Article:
- July 17, 2019 ● From Fujirockers.org
This year, one theme of Atomic cafe in Gypsy avalon is “Okinawa”, one prefecture of Japan. Artists from Okinawa will build a booth called “Uchina Village” (“Uchina” means “local people” in Okinawa) in the NGO village. In addition, artists performing Cuban music, Okinawan traditional folk music, and hip-hop (KACHIMBA featuring RITTO, with Hajime Nakasone, special guest: Hideko Itami from Soul Flower Union) will play together at the Atomic Cafe in Gypsy Avalon (July 26, 14:30 to 15:10). Prior to the musicians’ performance, Jinshiro Motoyama will discuss the US military base in Okinawa with Daisuke Tsuda, the current organizer of the Atomic Cafe (July 26, 14:00 to 14:30). (They may speak in Japanese.) READ MORE
The Latin-ska-hip-hop band Zoo comes from Valencia, Spain, and though it’s their first time at Fuji Rock, several Zoo band members have played the festival before. The bands Obrint Pas and La Grossa Sorda are well remembered for rocking the damn house with wild Spanish horn-fueled punk at both the White Stage and super fun late-night parties at the Crystal Palace Tent. Zoo is a contemporary evolution of these sounds. Imagine a merging a ska band with, hip hop MCs, and a raging Barcelona dance club, and that’s pretty much what you get with Zoo. When they play in Europe, it’s a giant Latin house party and audiences are in the thousands. Now they’re coming to Fuji Rock 2019 for sets at the White Stage and Crystal Palace, and also to the Tokyo Wednesday night pre-event on July 24, Radical Music Network. We caught up with band leader and MC Panxo for an email interview to learn a bit more about the band. From the sounds of it, the message is: Fujirockers! Put your hands up! And get ready to dance!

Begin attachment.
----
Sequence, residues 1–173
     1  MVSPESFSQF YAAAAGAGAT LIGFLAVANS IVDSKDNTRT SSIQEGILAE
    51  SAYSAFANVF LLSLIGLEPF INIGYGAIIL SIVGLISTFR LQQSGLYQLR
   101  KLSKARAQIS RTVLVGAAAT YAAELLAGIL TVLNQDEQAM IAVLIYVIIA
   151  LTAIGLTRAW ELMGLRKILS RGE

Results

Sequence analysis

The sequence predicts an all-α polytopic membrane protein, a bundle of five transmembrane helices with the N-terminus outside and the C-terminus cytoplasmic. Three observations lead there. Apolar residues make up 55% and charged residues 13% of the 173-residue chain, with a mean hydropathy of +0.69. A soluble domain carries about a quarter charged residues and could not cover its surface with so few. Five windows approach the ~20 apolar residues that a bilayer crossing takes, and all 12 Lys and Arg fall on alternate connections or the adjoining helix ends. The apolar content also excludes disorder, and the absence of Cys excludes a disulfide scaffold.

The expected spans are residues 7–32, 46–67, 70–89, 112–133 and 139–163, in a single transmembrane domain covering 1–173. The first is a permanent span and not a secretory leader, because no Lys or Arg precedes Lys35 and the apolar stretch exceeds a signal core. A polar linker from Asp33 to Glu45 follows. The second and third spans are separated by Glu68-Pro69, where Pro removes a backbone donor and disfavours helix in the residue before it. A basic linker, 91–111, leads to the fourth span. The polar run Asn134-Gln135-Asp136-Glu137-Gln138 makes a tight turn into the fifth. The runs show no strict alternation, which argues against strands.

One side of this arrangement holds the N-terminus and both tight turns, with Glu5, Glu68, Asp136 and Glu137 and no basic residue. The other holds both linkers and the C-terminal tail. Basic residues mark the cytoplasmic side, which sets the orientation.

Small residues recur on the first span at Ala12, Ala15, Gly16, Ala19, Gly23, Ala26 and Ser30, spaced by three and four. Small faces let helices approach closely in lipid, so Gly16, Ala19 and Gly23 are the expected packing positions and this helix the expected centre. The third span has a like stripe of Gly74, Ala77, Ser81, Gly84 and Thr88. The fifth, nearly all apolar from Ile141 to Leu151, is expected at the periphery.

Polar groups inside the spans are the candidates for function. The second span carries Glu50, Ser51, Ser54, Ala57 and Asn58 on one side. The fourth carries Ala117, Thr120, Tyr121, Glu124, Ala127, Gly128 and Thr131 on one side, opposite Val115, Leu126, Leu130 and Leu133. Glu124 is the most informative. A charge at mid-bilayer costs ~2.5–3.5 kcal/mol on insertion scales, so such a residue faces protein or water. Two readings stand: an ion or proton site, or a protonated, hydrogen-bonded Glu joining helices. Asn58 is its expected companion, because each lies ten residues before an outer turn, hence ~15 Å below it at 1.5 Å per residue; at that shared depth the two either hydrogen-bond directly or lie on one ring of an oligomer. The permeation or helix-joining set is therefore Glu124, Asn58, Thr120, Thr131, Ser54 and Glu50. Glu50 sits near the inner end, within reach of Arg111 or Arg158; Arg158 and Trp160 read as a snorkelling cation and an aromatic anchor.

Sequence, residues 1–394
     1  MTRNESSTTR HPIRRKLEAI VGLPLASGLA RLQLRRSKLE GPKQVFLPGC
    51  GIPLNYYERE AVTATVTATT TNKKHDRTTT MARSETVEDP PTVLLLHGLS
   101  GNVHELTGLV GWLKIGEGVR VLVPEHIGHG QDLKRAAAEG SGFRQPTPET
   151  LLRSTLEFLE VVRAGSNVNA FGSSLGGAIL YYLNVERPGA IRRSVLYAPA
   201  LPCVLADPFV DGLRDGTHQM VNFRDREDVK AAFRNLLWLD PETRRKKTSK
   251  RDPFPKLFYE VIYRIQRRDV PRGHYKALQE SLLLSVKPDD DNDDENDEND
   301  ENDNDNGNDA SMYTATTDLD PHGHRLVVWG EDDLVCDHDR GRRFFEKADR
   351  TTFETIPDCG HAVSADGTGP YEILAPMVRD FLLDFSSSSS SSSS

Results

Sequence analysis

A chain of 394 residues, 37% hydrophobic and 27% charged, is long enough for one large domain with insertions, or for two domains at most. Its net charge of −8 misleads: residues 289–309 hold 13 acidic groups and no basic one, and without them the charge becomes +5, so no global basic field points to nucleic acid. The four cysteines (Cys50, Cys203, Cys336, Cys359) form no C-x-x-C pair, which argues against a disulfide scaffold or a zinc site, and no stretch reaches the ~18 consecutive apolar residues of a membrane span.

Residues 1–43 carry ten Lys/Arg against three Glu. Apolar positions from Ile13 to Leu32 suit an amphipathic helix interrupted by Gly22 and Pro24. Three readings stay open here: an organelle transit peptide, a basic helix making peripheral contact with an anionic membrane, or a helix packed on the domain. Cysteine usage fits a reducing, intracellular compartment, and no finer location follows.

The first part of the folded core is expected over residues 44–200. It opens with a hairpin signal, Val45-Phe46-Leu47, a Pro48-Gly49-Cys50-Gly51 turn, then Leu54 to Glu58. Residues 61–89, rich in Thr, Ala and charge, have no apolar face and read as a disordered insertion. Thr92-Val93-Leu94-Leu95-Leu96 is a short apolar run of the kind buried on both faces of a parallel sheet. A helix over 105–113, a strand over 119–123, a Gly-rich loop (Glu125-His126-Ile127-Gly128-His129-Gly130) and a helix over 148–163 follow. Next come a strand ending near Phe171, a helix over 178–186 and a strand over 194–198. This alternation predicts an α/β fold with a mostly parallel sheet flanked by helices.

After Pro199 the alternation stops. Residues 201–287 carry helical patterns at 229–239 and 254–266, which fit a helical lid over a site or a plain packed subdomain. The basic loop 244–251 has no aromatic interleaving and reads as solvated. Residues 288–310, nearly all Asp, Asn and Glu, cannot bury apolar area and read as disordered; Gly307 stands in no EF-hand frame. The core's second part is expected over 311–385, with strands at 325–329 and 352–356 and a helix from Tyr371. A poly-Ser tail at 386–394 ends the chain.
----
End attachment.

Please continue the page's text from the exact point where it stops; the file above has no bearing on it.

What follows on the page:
- July 12, 2019 ● From Fujirockers.org
With just a few weeks to go, many people are getting jittery moored in micro decisions such as “what to take”, “what to leave”, “where to meetup”, and “rum or vodka”. Well, we are here to tell you that everything is gonna be just fine. Just bring your ticket and a little cash. Foul weather gear can be bought outside the venue, and nothing really matters once the music starts. We are pretty sure you are gonna have a a great time. And here are a few tips to make the event even more wonderful.
“Get there on Thursday”
I can’t emphasize how important this is. I know it might be hard because of work schedules but arriving early will land you a primo camping spot and get you acclimated to the venue. If you’ve never been to Fuji Rock before, Thursday’s microcosm will help your orient for the 4-day rager that ensues. As a corollary to this rule, leaving on Monday morning is a must because the music and good times don’t end till 5AM.
Italian group Banda Bassotti have been likened to the Clash for mixing ska, punk and a fight for social equality, especially in the 1980s and 1990s. They also rock the house in a very major way, so expect them to whip the crowd into a frenzy when they play on Fuji Rock’s White Stage on Sunday, July 28. This is Banda Bassotti’s third visit to Fuji Rock, though the last time they were were here was 14 years ago in 2005. A lot has happened since then: In 2006 the group released a song called “Fuji Rock” on their album Vecchi Cani Bastardi. Last year, founding member and vocalist Angelo Conti passed away, with tributes stretching from Rome to Japan. We caught up with the band’s manager Luca Fornasier to talk about Banda Bassotti, two decades of coming to Japan, and his own upcoming DJ sets as Goldfinger Selecta at both Fuji Rock and at the Tokyo pre-fest party, Radical Music Network.